Located in southern Washington State, in the heart of the Columbia
River Gorge, the Klickitat Trail follows the first 31 miles of an
old railroad corridor linking the towns of Lyle and
Goldendale. It is unique among rail trails. Nowhere else is
a rail trail that starts in a remote, beautiful tributary canyon,
winds along a nationally designated Wild & Scenic River, and
finishes in one of the nation’s only National Scenic Areas.
The 31-mile gently-graded Trail starts in the breathtaking, remote Swale
Canyon and passes through the small town of Klickitat before following
all 10.5 miles of the beautiful Wild and Scenic Klickitat River, ending
at the trailhead near Lyle, Washington, at the confluence of the
Klickitat and Columbia Rivers. The Trail’s spectacular scenery
includes carved gorges, interesting geologic formations, abundant
wildflowers, rolling oak and ponderosa pine forests, and great birding
opportunities, including winter habitat for bald eagles
near the Lyle trailhead.
The first 17 miles of the Trail follow the Klickitat River, a
nationally designated Wild & Scenic River. The
Trail then heads east, through Swale Creek Canyon, a pristine area
that is extraordinarily scenic, ecologically significant, and
largely isolated from human activity. The rugged, remoteness
of Swale Canyon draws mountain bikers and adventurers.
Beautiful carved n arrow gorges of the Klickitat and Swale
Canyons, with their rolling oak and pine forested hillsides,
host spectacular wildflower displays and provide topnotch birding
opportunities. The Klickitat Trail is truly a gem of the
Columbia River Gorge and the Pacific Northwest.
Hill Bridge Trestle over the Wild & Scenic Klickitat River
This multi-use trail is ideal for a variety of
recreational uses throughout the seasons. The trail in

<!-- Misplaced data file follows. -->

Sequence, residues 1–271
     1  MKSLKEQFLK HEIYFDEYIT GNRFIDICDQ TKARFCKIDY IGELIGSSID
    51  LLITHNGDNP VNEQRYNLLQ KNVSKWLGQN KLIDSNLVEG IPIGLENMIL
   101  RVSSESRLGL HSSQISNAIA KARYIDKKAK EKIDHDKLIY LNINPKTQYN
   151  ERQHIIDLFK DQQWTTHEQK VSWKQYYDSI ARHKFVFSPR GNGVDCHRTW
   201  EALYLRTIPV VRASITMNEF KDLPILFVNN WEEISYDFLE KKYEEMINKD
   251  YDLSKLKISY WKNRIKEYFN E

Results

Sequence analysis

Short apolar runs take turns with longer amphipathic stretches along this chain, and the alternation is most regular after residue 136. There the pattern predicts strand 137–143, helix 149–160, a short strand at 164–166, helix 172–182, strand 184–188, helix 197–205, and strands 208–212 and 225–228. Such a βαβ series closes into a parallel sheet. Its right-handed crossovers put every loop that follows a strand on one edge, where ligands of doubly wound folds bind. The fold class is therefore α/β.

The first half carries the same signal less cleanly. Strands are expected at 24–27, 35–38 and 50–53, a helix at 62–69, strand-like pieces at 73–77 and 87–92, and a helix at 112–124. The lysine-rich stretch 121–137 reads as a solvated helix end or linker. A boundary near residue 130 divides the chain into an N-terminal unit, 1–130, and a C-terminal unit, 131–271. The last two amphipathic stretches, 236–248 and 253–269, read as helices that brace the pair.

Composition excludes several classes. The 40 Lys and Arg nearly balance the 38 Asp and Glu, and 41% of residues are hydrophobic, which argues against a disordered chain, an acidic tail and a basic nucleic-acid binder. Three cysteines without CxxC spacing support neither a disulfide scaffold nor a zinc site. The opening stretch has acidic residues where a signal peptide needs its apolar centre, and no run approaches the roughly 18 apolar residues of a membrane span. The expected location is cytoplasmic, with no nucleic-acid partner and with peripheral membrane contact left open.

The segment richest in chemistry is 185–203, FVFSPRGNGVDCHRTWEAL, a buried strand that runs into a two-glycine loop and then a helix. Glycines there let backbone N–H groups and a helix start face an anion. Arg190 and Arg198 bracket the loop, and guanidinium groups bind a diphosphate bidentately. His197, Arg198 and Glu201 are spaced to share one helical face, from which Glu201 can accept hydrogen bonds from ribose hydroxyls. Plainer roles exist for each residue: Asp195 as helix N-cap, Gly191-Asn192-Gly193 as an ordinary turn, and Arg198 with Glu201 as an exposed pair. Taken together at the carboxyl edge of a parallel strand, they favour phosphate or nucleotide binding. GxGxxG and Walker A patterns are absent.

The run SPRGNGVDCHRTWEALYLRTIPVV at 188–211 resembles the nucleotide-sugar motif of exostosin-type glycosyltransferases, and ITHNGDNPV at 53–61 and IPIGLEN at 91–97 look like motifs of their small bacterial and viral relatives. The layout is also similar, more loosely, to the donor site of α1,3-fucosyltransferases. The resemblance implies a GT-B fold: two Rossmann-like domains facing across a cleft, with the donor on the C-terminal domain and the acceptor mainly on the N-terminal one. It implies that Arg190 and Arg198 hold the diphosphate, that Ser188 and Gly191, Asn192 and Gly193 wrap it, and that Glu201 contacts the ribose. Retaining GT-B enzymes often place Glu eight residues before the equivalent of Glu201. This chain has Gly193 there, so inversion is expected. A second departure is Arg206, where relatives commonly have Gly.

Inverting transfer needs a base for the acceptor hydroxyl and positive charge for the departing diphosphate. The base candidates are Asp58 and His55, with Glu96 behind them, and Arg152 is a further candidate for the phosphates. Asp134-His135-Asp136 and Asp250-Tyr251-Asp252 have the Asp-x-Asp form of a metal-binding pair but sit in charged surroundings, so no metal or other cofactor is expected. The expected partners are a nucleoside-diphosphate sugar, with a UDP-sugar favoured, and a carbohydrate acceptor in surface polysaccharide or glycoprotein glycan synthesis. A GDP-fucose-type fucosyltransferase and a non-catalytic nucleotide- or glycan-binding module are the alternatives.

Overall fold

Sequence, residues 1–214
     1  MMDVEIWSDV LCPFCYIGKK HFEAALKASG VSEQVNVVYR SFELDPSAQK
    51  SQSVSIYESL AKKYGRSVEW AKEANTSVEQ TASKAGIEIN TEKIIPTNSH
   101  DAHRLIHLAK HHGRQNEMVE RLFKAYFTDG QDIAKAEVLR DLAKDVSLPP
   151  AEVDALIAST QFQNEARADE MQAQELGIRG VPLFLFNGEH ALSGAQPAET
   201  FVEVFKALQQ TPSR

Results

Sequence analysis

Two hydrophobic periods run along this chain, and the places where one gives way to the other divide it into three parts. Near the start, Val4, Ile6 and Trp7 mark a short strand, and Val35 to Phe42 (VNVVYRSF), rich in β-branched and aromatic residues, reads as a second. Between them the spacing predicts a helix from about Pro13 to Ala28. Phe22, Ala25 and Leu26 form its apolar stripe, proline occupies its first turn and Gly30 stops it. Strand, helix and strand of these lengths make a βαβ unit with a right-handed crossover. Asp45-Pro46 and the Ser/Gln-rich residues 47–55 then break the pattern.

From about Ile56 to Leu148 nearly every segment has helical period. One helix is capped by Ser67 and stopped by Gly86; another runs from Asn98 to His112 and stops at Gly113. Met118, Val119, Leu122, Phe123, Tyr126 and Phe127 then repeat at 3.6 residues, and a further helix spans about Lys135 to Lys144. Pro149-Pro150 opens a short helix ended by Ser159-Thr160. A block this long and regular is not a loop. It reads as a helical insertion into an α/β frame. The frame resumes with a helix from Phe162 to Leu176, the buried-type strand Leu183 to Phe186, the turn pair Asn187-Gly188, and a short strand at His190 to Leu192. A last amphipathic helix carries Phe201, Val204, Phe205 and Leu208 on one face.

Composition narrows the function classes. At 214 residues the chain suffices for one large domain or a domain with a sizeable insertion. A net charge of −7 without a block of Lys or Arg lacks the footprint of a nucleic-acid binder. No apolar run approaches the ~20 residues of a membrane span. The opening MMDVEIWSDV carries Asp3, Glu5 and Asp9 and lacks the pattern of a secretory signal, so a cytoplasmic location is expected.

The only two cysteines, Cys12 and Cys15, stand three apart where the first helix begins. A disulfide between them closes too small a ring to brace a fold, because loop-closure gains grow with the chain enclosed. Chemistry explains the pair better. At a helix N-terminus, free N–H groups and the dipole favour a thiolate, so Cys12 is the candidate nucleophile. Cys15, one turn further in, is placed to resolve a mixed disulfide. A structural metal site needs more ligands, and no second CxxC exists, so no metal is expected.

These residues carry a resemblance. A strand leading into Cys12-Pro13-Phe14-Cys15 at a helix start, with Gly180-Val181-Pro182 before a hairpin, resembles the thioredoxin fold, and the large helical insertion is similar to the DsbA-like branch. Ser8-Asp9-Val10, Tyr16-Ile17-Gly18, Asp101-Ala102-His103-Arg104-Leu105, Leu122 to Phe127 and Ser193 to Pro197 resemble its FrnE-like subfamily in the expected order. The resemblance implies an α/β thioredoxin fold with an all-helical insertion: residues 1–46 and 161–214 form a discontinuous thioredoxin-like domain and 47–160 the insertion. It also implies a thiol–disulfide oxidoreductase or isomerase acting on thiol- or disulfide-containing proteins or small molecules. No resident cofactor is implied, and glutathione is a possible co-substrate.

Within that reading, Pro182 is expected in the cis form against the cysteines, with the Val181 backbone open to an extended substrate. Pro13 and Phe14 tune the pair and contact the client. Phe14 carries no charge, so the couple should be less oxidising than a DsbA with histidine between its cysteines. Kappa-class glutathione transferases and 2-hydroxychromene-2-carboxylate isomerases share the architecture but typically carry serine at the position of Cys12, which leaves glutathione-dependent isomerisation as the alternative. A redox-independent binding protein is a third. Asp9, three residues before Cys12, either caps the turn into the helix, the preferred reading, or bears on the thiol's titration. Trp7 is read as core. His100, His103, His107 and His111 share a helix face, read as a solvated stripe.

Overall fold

winter brings a landscape of quiet solitude and offers the
chance to cross-country ski or enjoy unique ice formations
along the cliffs. Spring delivers green-draped hills
with a profusion of wildflowers. The landscape turns
to shades of beige and brown by early summer. Birding
opportunities await year 'round. Fishing is popular --
the Klickitat River is home to Coho and Chinook salmon as
well as steelhead trout. By fall the oaks and maples
are putting on a last burst of color in the cool crisp
air. Horse use on the trail is not currently
allowed. However, that may change in the future as the
Master Planning process evolves.
Ancient traditions continue near the trail. The
Klickitat River is one of only two Native American dip-net
fisheries in the Columbia River Basin. Dramatic and
unique geologic landscapes can also be seen. Steep
columnar basalt cliffs are visible from the trail near
Wahkiacus. And about a mile from the Lyle Trailhead is
an area known as the "Narrows" where the river
squeezes through the basalt flows.
The Trail offers spectacular river and canyon
views throughout its length. The beautiful carved
gorges of the Klickitat and Swale Canyons, with their
rolling oak and pine forested hillsides, host spectacular
wildflower displays and provide topnotch birding
opportunities. These are just a few of the unique
attributes that make this Trail truly a gem of the Columbia
Gorge and Pacific Northwest, enjoyed by the public
throughout the entire year
The Klickitat Trail Conservancy is a 501(3)(c) nonprofit organization dedicated to preserving and promoting
the Klickitat Rail-to-Trail as a unique recreational asset and legacy for our community.
Every effort is made to ensure that the information provided is accurate and current.
Additions, comments, and suggestions are always welcome.
Last updated April 30, 2013